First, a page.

Nothing happens in the “real” world unless it first happens in the images in our heads.
You, Me, Us and Them is part of a wider investigation into women offenders that the multidisciplinary visual artist Eva Merz undertook in Scotland between 2007 and 2010 as an extension of earlier projects, all of which were driven by a hands-on engagement with social issues, using a unique creative combination of resources. This rich volume, designed by Eva and illustrated with both her photographs and reproductions of her exhibited artworks, contains a compilation of interviews she conducted with key actors in the prison and criminal justice systems. It both illuminates a path towards awakening our awareness about disempowered lives and invites us to re-examine many of our assumptions about crime and punishment.
Prisons are expensive to run; they are ineffective both as a deterrent in the first instance and at preventing re-offending; they are also specifically ill-suited to women and, more specifically, to the great many women prisoners in need of treatment for mental, physical and addiction problems. Prison populations and overcrowding are on the rise. These are a few salient facts, delineating a vast scope of interrelated issues, that the interviewees in You, Me, Us and Them quote from official reports during their analyses of the state of Cornton Vale, Scotland’s only women’s prison, and the country’s criminal justice system at large.
The voices congregated in this book - those of drug dealer, judge, prison governor, warden and prison service official - offer us multiple insights into the bigger picture. The circumstances which have led women to commit crime unveil a web of social deprivation in which “offending lifestyles” are the norm; what the prison governor describes as the “cycle of offending”, linked to abuse, drug addiction, mental illness, poor housing and education. Many women end up serving short-term sentences in conditions inappropriate for the treatment of their offending behaviour. Upon release, they experience the same desperate conditions which led them to their crime in the first place, and which keep sending them back to prison.
The message rings loud and clear, many voices shouting in unison: humane, sustainable alternatives involve facilitating for women offenders conditions to develop a sense of responsibility and control over their lives if they are to come to realise that they have the potential to resolve their problems and move on. Legal changes need to be made, moreover, in order to reduce the rate of incarceration and more resources be focused on communities towards the support of desperate people before they resort to criminal acts.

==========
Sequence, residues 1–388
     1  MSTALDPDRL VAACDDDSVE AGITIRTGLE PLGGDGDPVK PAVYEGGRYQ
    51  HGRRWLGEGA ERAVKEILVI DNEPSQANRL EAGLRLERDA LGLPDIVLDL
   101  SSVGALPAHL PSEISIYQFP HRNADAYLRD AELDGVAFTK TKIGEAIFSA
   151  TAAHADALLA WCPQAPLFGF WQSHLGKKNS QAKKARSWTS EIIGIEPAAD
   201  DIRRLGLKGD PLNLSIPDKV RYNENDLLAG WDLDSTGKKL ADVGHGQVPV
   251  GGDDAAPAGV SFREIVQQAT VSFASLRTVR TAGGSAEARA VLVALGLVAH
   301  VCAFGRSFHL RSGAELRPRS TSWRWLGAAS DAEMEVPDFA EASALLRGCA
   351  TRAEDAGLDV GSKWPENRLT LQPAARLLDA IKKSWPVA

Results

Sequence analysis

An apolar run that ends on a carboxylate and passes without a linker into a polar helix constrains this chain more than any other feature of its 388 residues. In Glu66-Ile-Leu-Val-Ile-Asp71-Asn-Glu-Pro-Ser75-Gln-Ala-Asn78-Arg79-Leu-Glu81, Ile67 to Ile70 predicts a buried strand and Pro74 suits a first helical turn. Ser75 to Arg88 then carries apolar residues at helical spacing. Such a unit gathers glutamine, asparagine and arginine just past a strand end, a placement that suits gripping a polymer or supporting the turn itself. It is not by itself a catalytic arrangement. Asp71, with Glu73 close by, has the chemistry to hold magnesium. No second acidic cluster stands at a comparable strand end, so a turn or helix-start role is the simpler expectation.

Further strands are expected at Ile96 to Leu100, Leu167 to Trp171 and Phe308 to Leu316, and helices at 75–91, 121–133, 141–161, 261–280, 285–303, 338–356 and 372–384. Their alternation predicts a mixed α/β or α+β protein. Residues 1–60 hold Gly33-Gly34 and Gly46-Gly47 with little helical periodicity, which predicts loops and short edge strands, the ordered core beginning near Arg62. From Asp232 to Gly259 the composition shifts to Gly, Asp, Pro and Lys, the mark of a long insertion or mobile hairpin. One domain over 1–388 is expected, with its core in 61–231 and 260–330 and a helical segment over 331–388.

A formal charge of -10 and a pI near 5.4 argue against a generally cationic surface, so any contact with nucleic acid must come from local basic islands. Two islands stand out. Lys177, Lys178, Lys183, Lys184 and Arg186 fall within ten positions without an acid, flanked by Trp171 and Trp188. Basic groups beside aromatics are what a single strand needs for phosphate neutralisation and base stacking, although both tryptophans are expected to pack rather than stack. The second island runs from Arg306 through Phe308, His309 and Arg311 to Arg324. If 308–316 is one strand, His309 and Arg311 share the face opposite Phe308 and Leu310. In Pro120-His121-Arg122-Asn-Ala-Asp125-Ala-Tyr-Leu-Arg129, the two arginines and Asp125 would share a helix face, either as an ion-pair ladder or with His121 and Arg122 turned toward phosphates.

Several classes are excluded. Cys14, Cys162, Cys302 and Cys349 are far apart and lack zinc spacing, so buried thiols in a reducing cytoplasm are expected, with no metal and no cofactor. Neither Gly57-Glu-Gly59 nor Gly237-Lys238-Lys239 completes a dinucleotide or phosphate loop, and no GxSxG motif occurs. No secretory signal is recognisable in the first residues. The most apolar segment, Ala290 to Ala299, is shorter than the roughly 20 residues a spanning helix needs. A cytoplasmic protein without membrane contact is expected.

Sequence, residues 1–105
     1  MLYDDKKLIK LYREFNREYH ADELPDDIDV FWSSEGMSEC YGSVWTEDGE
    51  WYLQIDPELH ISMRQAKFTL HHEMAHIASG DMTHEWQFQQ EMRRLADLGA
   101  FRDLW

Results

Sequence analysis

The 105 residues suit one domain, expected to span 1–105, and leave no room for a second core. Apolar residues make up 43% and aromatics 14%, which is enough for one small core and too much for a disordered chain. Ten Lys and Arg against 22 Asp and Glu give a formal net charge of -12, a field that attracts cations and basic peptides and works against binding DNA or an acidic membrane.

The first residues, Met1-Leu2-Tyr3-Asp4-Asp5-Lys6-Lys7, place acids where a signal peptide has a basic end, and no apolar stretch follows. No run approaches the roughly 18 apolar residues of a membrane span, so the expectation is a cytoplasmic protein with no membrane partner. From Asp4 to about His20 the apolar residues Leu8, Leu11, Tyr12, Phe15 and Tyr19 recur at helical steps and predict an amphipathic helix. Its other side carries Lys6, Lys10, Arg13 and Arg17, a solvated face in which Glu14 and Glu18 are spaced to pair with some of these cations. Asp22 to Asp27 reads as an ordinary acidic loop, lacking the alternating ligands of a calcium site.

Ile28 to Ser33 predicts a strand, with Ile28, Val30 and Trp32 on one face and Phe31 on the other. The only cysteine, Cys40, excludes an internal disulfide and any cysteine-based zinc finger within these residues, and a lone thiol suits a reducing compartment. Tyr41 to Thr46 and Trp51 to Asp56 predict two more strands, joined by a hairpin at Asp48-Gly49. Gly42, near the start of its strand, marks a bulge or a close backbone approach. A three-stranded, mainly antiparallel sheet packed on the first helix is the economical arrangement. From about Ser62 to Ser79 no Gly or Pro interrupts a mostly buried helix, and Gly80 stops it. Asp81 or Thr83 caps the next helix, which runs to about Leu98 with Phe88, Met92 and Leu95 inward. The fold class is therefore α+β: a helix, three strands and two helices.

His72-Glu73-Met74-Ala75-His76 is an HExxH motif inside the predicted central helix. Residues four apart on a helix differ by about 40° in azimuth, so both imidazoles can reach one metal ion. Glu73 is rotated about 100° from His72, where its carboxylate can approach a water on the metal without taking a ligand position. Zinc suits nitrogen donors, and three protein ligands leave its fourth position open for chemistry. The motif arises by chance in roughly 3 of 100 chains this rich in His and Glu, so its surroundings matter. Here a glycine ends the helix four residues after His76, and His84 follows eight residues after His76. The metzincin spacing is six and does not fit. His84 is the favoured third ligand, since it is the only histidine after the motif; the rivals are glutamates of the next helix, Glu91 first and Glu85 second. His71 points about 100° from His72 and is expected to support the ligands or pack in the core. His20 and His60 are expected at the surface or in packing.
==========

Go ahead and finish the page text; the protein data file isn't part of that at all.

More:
In You, Me, Us and Them, Eva makes explicit her stance as a mediator between the women’s prison and the wider audience. It should be recognised that this book is really about us and our attitude, the type of society we live in and the type of society we want. Eva turns inwards, reminding us that in order to develop a profound understanding of our reality we must first forge transformations within ourselves which permit us to see what is out there and needs to be transformed. You, Me, Us and Them appeals to notions of critical citizenship and socio-political agency whose premise is that we all participate in the imagining and making of the society which makes us. The situation of women in prison is embedded in a broader societal context which is everyone’s terrain, not of politicians and media alone.
This book is an invitation to develop an informed discourse for meaningful participation in the debate about a fairer criminal justice system in Scotland. The universal nature of the issues treated here, however, could potentially extend this invitation beyond the national borders. With You, Me, Us and Them, Eva has completed a cycle of work in this country, a treasure-trove legacy, a series of projects which emerged from honest, generous everyday interactions with those she calls “Real People”, attempting to (re)connect us critically with the socio-political issues interweaving our daily lives. This is a book not to be missed - not as much as we’ll miss Eva, who in January 2011 returned to her native Denmark.
Review by Alejandra Rodriguez - Remedi, New Social Art School, January 2011
Eva Merz's book You, Me, Us and Them tackles the incredibly thorny issue of women in prison. In 2007, on an artist's residency in Tillydrone, Aberdeen, Merz got to know one of her neighbours, a heroin-addicted drug dealer. Through this personal friendship she followed her instinct and her nose into the justice system. Never judgemental, never hectoring but undoubtedly blistering at times - witness the anonymous ex-judge who fulminates against the stupidity of political rhetoric on crime - the book is eloquent testimony from the front line of suffering and chaos that drives women into prison and keeps them going back again and again.
Review by Moira Jeffrey in Scotland on Sunday, Jan 23, 2011